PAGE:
Generic Name and Formulations:
Pramlintide (as acetate) 1000mcg/mL; soln for SC inj; contains m-cresol, mannitol.
Indications for SYMLIN:
Type 1 diabetes as adjunct to mealtime insulin, or type 2 diabetes as adjunct to mealtime insulin with or without sulfonylurea and/or metformin, in patients without optimal blood glucose control despite optimal insulin therapy.
Do not mix with insulin. Reduce preprandial, short/rapid-acting insulin dose by 50% when starting pramlintide. Adjust insulin dose after target pramlintide dose is achieved and any nausea subsides. Give by SC inj into abdomen or thigh immediately before major meals (≥250 kcal or ≥30g carbohydrates); rotate inj sites (use different site for insulin). Type 1: initially 15mcg; titrate in 15mcg increments if no significant nausea occurs for at least 3 days; maintenance: 60mcg (30mcg only if 60mcg is not tolerated). If nausea occurs at 45 or 60mcg dose, reduce to 30mcg; if not tolerated, consider discontinuing therapy. Type 2: initially 60mcg; may increase to 120mcg if no significant nausea occurs for 3–7days; if nausea occurs at 120mcg reduce to 60mcg.
Gastroparesis. Hypoglycemia unawareness.
Do not use in patients with poor compliance, HbA1c >9%, recurrent hypoglycemia needing assistance in the past 6 months, or if on prokinetic drugs. Visual or dexterity impairment. Increased risk of severe hypoglycemia (esp. type 1 diabetics). Monitor blood glucose frequently (pre- and post-meals, and at bedtime). Do not share pens between patients, even if the needle is changed. ESRD. Pregnancy (Cat.C). Nursing mothers.
Drugs that alter GI motility (eg, anticholinergics) and those that slow intestinal absorption (eg, α-glucosidase inhibitors): not recommended. May delay absorption of oral drugs (give these 1 hr before or 2 hrs after pramlintide). Increased risk of hypoglycemia with other antidiabetics (eg, sulfonylurea), ACEIs, disopyramide, fibrates, fluoxetine, MAOIs, pentoxifylline, propoxyphene, salicylates, somatostatin analogs, sulfonamide antibiotics; caution.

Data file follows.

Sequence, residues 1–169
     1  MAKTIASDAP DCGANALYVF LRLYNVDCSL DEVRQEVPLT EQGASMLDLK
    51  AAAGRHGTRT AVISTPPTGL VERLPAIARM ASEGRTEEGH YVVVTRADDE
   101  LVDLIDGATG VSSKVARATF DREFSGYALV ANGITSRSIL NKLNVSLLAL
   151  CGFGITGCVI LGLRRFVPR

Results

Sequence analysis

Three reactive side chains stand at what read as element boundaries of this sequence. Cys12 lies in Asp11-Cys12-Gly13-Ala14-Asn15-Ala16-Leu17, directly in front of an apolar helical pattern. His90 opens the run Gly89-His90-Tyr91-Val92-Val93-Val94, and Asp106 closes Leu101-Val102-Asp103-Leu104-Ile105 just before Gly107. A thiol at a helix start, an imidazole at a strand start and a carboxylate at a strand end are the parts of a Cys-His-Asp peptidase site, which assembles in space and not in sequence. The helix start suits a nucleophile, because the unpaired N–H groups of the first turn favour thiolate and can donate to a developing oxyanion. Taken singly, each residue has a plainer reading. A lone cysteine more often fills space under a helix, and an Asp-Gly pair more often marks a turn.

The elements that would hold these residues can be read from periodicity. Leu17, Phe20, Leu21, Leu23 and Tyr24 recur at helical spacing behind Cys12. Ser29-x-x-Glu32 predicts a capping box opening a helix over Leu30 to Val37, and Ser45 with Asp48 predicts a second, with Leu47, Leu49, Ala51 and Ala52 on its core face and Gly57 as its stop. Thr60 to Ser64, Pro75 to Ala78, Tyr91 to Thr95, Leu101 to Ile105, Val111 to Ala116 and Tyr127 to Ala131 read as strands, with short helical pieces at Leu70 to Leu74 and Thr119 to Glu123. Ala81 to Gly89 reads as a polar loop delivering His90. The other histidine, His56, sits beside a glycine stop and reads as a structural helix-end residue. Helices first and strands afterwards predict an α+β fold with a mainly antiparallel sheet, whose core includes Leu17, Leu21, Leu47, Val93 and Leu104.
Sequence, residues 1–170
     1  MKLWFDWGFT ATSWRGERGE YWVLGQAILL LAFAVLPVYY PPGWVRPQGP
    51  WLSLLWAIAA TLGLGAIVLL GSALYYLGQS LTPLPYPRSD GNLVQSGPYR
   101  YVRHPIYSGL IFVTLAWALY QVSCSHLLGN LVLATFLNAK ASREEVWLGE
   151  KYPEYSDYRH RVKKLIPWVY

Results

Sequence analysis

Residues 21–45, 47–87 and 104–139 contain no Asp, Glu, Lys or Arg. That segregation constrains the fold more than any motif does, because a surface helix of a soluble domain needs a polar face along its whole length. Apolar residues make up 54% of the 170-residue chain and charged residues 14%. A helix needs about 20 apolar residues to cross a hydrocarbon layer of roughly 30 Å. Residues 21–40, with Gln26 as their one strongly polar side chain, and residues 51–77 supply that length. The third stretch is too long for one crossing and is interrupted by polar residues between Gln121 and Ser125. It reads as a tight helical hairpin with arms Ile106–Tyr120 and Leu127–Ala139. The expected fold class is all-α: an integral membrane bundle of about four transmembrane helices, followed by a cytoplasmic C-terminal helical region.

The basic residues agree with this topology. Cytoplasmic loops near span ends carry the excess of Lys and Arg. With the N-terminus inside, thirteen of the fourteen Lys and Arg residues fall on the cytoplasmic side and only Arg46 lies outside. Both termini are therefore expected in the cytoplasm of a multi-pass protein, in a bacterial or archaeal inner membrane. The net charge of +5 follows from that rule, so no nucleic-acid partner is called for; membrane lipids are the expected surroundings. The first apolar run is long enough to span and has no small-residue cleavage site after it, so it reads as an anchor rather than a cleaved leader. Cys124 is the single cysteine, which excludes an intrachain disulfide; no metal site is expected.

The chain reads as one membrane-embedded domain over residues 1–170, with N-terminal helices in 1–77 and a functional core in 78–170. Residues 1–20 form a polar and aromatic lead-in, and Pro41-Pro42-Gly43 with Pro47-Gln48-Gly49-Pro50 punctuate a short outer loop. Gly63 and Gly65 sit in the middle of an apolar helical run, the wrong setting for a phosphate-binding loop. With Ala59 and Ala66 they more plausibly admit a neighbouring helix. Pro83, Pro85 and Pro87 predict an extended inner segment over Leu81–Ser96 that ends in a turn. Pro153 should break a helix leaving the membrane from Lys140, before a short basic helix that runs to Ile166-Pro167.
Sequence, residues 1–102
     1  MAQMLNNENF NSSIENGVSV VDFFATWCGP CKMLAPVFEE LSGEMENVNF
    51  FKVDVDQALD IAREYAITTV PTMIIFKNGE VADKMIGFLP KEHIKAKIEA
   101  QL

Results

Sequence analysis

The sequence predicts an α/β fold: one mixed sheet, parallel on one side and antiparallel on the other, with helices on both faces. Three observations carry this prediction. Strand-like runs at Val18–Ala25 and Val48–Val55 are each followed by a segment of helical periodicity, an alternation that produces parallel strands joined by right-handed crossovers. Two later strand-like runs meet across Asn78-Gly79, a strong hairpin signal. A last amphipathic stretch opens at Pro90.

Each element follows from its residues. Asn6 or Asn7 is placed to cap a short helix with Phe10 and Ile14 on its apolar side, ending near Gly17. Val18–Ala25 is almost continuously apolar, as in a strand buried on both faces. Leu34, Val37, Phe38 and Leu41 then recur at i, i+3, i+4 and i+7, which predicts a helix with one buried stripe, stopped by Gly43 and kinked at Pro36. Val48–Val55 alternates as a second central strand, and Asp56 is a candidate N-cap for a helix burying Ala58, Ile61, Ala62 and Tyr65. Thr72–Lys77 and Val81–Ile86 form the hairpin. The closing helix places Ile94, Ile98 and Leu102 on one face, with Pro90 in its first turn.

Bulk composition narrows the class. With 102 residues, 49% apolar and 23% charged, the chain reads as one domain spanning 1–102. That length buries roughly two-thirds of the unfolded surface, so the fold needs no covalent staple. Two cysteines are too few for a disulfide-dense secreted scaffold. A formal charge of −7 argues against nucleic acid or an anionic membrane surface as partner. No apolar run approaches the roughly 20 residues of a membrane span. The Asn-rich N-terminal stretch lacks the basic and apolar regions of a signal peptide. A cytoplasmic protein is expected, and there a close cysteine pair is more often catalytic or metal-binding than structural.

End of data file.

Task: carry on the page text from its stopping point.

Nausea, vomiting, anorexia, headache, allergy; insulin-dependent hypoglycemia (may be severe, esp. in type 1 diabetes).
SymlinPen 60, 120—2 (pre-filled inj device)
Sign Up for Free e-newsletters
- Managing Chemo Brain in Pediatric Survivors of Childhood Cancer
- Aggressive Therapy Provides No Additional Advantage in Metastatic Prostate Cancer
- Excretion of Volatile Organic Compounds Higher in AYAs Using Vaping Products
- FDA, ASHP Actions to Prevent or Manage Chemotherapy Drug Shortages
- Breast Cancer Screening Recommendations Not Completely Reflective of Race, Age
- Various Aspects of Palliative Care Focus Associated With Different Outcomes In Cancer
- Cost vs Benefits: The Controversy Over Proton Beam Radiotherapy
- Patient Expectations at Odds With Actual Outcomes for Radiotherapy in Breast Cancer
- Patients Desire More Online Tools and Access
- Metformin Plus Ruxolitinib: A Potential Therapeutic Alternative for Myeloproliferative Neoplasms
- Sexual Quality of Life Decreased During, After Chemotherapy for Digestive Cancers
- CHEMO-SUPPORT: A Nursing Intervention to Relieve Chemotherapy Symptom Burden
- Approach and Management of Checkpoint Inhibitor-related Immune Hepatitis
- Revised AJCC8 Demonstrates Superior Tumor Classification for HNCSCC
- Oral Androgen Receptor Inhibitor Granted FDA Approval for Nonmetastatic CRPC
Regimen and Drug Listings
GET FULL LISTINGS OF TREATMENT Regimens and Drug INFORMATION
|Head and Neck Cancer||Regimens||Drugs|